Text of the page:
Er, I hope that analogy makes as much sense in writing as it does in my head!

    1. Ha, I think that’s how I worked out what my style was, too – wearing the same things, over and over again! At least you know you’re getting your money’s worth, though 🙂

    1. It’s always interesting when people do that, because I’d say 8/10 times, the item in question isn’t something I’d wear AT ALL – it’s always fascinating to see how other people interpret “my” style!

  7. I too admire people who have a very personal style that’s recognizable as “theirs”. I’m still trying to figure out my own style (and purging my wardrobe!), but at least by now I know what looks good on me and what type of clothes I favor. I’m all about vintage inspired fashion, full skirts, and wiggle dresses. It makes me extremely happy when people define my style as “glamorous” 😀 (I write this while wearing Primark pajamas though, oops.)

  8. Fabulous post Amber! People having a signature style are surely one step ahead of those who are fickle when it comes to fashion. That’s a big reason why i am an Audrey Hepburn and Duchess Kate fan! And you are definitely in that list Amber <3 The way you pull off those stripes and midi skirts is outstanding! They suit you so well and you always remind me of some vintage English heroine!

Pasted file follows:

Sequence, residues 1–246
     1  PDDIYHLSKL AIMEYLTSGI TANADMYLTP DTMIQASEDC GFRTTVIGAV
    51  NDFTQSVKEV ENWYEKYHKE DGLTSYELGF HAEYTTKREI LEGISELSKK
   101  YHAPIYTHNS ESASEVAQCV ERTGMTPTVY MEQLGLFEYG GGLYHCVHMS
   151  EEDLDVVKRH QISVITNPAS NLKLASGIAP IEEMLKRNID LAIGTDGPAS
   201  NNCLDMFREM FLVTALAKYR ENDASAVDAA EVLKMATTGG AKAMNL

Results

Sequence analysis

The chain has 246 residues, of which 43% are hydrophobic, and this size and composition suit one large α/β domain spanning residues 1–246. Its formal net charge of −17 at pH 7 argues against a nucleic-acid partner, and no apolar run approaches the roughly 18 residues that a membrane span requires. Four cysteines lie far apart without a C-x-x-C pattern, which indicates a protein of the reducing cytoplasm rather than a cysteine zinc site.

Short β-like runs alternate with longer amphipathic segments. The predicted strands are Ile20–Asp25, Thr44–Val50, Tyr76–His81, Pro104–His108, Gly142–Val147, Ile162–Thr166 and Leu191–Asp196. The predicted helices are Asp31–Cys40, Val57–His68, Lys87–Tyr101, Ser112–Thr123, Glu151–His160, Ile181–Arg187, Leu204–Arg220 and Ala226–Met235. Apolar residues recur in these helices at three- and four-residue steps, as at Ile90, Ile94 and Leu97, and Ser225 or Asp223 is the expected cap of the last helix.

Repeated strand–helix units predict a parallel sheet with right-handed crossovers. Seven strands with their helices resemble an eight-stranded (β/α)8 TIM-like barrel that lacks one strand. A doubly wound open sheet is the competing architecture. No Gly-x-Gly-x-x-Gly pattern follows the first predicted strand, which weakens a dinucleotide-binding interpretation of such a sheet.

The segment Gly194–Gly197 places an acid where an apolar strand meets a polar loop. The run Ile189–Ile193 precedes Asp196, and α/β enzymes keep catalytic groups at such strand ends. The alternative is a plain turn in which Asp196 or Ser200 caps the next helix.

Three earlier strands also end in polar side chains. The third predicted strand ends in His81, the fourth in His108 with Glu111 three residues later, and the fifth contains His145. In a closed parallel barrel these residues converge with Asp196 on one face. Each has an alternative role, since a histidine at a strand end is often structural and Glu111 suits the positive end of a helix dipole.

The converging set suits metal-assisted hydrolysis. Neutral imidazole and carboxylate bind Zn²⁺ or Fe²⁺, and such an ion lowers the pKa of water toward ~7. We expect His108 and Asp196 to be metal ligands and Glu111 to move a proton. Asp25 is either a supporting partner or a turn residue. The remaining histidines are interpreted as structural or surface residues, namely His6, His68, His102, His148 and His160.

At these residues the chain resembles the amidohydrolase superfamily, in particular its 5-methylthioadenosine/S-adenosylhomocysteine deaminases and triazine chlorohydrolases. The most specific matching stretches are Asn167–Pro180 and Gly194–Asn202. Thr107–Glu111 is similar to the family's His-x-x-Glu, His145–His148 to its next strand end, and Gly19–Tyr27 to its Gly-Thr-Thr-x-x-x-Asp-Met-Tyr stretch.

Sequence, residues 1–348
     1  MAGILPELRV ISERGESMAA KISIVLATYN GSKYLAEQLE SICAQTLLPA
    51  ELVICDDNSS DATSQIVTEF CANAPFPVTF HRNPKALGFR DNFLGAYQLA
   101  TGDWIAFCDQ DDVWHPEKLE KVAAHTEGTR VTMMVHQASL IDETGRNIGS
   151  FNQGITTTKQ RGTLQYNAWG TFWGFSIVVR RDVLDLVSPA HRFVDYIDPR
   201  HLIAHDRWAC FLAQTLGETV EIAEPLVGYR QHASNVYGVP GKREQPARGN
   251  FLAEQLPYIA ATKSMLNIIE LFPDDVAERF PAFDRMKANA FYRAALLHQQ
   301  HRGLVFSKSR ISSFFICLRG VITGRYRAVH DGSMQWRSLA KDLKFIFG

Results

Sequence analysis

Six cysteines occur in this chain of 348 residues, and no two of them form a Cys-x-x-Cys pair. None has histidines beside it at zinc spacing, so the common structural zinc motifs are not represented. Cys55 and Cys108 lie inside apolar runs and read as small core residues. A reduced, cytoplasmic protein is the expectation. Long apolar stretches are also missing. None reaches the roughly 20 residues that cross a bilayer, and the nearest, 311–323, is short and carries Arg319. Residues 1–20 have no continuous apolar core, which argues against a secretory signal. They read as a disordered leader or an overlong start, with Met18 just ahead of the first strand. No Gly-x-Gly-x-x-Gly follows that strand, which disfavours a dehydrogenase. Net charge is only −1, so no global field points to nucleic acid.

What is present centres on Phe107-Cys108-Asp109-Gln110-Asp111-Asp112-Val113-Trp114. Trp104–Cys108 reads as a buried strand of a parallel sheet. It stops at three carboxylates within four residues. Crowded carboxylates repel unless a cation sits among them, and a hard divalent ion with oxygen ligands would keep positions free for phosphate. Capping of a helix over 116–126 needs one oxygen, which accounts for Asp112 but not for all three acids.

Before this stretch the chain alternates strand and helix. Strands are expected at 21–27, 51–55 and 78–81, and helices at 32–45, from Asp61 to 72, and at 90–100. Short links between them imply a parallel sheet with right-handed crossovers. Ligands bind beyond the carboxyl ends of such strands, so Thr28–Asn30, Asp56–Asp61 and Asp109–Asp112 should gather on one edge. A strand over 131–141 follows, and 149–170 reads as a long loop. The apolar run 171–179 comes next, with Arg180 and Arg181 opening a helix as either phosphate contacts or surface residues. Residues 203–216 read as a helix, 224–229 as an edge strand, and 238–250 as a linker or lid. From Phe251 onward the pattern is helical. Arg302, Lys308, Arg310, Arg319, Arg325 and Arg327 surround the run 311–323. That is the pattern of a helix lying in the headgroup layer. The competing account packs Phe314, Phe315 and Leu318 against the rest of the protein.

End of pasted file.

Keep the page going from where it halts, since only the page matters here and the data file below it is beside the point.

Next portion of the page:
9. I am finally finding my own signature style, and it has been the best thing to happen to my closet cleaning self. It is so easy now to go through my stuff and get rid of the things that aren’t me. It has taken some time, but I am very happy about it. My son teases me about how all of my dresses look the same, but that isn’t a bad thing, really. 🙂

  10. Thank you for these words! I’ve been feeling not fashiony or unexpected enough these days and I’m thankful for the encouragement to continuing being myself. Great post!

  11. Hi Amber. I was just wondering, would you say that there’s a conscious element to developing a signature style? I.e. that it’s something you have to develop?